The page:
Q: Ok, so there's no school that's the best...how do I know which one is right for me?
A:This is a very difficult question to answer because what is a perfect fit for one person may be a bad choice for another. But that's the point here -- just like people, programs are different and you need to find the program that is right for you. Does that mean there's no way to offer advice to everyone for good ways to find programs that are great for you? Not at all.
Most people can increase the chances of making good choices about graduate school by asking some of these questions:
1) I think the most important question to ask is, what do I really want to get out of graduate school? I'm always amazed by how few students can actually answer this question. When you consider just how big a commitment graduate school is (think about non-stop work for the next 5-7 years), it's worth taking a little time to consider what you're really trying to accomplish. Being able to answer this question will help you identify the type of schools and programs that are right for you and will help you reach your goals.
For example, if your goal is to become a world renowned therapist, you might want to seek out a school with a high profile, is accredited, has faculty that have proven clinical track records, and a school that focuses on clinical or counseling psychology. However, if you're more interested in conducting research, you are probably better off looking at schools that do really well with obtaining funding, have faculty members that consistently and frequently get published, and offer a wide variety of experimental programs.
2) Another thing you need to do is get brutally honest and realistic about your qualifications. No matter how much you want to get into Stanford, you need to accept that your chances are very slim if you have a 1.9 GPA, no research or clinical experience, and haven't taken a lot of undergraduate psychology courses. This isn't to say that it can't happen, but the odds are against it.
You will be much better off if you can find a school that matches you properly than going after a school with the best name. Graduate school is a long marathon and you want to give yourself the very best chance for success, not failure. So sit down, take a good long look at your records, your experience, and yourself - then start looking at schools realistically. It might be hard now, but you will be much happier later on.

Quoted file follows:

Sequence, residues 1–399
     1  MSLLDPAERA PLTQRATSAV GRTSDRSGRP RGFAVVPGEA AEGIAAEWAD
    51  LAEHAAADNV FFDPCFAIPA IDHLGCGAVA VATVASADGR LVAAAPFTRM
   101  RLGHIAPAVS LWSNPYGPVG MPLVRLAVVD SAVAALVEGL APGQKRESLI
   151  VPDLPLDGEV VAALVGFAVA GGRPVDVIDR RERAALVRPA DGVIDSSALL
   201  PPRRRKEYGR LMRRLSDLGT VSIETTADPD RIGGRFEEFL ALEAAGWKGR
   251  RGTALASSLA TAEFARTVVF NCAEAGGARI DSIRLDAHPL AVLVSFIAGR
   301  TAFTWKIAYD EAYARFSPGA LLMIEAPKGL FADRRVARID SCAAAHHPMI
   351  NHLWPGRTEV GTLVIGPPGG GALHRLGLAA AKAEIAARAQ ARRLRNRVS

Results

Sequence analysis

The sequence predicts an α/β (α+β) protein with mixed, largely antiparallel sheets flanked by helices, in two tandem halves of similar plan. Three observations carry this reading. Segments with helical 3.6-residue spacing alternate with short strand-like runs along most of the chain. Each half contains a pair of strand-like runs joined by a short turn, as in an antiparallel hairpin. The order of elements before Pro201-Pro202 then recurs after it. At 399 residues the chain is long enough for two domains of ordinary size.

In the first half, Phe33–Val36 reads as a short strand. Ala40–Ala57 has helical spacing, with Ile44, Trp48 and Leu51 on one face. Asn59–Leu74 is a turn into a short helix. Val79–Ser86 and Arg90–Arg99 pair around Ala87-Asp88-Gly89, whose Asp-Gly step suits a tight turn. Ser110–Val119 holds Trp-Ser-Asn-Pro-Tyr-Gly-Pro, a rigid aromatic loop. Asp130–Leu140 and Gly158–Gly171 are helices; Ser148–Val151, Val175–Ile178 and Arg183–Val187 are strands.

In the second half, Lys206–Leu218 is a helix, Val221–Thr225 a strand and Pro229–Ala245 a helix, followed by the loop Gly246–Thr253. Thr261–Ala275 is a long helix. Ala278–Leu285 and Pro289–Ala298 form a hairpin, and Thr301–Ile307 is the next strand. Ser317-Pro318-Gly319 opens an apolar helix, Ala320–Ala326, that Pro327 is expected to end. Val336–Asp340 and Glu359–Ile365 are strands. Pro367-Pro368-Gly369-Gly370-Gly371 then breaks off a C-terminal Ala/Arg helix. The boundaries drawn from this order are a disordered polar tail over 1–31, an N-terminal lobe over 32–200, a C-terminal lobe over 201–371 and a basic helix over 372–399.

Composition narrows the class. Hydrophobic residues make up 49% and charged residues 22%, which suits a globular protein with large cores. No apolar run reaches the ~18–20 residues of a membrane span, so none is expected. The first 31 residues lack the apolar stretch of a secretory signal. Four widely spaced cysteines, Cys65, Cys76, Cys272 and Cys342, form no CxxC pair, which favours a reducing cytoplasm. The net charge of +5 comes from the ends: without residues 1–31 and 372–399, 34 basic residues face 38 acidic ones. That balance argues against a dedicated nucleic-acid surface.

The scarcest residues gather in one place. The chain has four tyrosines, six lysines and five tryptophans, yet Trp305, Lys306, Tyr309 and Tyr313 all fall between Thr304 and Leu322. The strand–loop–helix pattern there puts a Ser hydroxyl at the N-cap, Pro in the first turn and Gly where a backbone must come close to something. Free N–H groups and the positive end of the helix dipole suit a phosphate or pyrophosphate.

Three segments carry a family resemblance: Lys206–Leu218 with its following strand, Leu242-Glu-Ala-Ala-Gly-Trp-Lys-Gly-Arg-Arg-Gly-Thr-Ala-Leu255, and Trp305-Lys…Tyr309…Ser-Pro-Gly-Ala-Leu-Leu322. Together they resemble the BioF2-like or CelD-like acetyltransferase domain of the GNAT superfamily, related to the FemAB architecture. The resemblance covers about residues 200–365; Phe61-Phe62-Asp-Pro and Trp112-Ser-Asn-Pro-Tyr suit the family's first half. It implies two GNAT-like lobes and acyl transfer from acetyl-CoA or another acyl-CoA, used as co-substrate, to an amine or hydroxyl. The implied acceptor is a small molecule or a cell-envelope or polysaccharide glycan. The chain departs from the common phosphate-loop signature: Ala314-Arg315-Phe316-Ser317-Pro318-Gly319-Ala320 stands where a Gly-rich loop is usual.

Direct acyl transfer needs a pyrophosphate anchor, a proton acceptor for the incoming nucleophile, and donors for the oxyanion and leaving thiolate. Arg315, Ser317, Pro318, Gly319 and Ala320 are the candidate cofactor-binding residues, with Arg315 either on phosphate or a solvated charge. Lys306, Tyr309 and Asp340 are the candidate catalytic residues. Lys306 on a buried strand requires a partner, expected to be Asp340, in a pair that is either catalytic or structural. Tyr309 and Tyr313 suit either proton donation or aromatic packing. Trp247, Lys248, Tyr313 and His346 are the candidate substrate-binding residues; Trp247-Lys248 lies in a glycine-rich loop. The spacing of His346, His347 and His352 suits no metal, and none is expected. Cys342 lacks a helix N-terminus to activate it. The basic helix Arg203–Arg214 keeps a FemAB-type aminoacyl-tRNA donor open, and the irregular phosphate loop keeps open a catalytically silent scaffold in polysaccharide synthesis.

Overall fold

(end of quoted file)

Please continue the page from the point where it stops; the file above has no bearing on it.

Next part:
3) Once you really know who you are and what type of candidate you are, consider the other students that have gone to the schools you might be interested in. Have the schools accepted many students that are similar to you? Look at previous students' academic backgrounds, GRE scores, demographics, etc.
4) Do you want to work with specific faculty members? Many students apply to schools because they know about certain faculty members and want to work directly with them. I've heard of this working out well, but it often ends up being bad. Many times this limits your exposure to other topics that may be very interesting to you. Also, it's important to know that should you enter a school to work with someone specifically, you will be with that faculty member for several years in what I consider a serious relationship. Would you enter into a romantic relationship before you've met the other person? (hrm, maybe you shouldn't answer that ;-)
5) Do you want financial assistance? Many graduate schools offer students financial assistance through research assistantships, teaching assistantships, fellowships, etc. Although this is typically reserved for PhD programs, it's not always the case. If you need or want financial assistants, make sure you find out what the schools offer.
And let me tell you, if you take an assistantship, you will work very hard. Not only will you take a full load of courses, have to do all your own homework, research, studying, etc., but you will likely have to help faculty members with research, and then fulfill your assistantship responsibilities which might include teaching several classes, grading papers, holding office hours, and much more. You will often receive a tuition remission and a stipend as compensation, but you will work very hard for it. This can be a great thing and can prepare you very well for the day you leave school so don't be afraid of it - just realize what's involved and consider it as you look at schools. (More on finances later.)
6) Ask about the number of other students that succeed in the program. By succeed, I mean successfully graduate from the program and then go onto either post-doc position, get licensure, obtain jobs, etc. Would you rather go to a school that accepts a high percentage of applicants but a low graduate rate or a school that might be harder to get into but has a higher graduation rate? Your goal is to succeed, so you make sure to give yourself the best chance of doing just that.